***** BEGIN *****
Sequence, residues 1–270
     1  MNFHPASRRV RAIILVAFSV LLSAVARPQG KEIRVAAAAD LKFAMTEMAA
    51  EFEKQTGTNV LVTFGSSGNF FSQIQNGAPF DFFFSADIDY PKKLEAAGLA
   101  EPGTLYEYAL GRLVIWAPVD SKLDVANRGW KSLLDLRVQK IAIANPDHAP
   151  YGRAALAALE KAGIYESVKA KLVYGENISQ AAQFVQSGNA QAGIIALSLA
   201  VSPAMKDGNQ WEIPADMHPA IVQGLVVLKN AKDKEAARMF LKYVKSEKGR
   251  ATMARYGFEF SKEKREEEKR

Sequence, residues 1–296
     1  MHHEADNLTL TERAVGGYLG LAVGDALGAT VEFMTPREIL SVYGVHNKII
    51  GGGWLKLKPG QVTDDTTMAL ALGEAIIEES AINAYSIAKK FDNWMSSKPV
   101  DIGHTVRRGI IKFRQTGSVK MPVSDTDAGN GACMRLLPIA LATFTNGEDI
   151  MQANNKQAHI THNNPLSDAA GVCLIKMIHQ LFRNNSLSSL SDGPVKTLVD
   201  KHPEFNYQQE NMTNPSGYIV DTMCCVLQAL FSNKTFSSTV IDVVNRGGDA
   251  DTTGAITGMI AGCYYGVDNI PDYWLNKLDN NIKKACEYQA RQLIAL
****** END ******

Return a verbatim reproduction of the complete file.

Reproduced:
Sequence, residues 1–270
     1  MNFHPASRRV RAIILVAFSV LLSAVARPQG KEIRVAAAAD LKFAMTEMAA
    51  EFEKQTGTNV LVTFGSSGNF FSQIQNGAPF DFFFSADIDY PKKLEAAGLA
   101  EPGTLYEYAL GRLVIWAPVD SKLDVANRGW KSLLDLRVQK IAIANPDHAP
   151  YGRAALAALE KAGIYESVKA KLVYGENISQ AAQFVQSGNA QAGIIALSLA
   201  VSPAMKDGNQ WEIPADMHPA IVQGLVVLKN AKDKEAARMF LKYVKSEKGR
   251  ATMARYGFEF SKEKREEEKR

Sequence, residues 1–296
     1  MHHEADNLTL TERAVGGYLG LAVGDALGAT VEFMTPREIL SVYGVHNKII
    51  GGGWLKLKPG QVTDDTTMAL ALGEAIIEES AINAYSIAKK FDNWMSSKPV
   101  DIGHTVRRGI IKFRQTGSVK MPVSDTDAGN GACMRLLPIA LATFTNGEDI
   151  MQANNKQAHI THNNPLSDAA GVCLIKMIHQ LFRNNSLSSL SDGPVKTLVD
   201  KHPEFNYQQE NMTNPSGYIV DTMCCVLQAL FSNKTFSSTV IDVVNRGGDA
   251  DTTGAITGMI AGCYYGVDNI PDYWLNKLDN NIKKACEYQA RQLIAL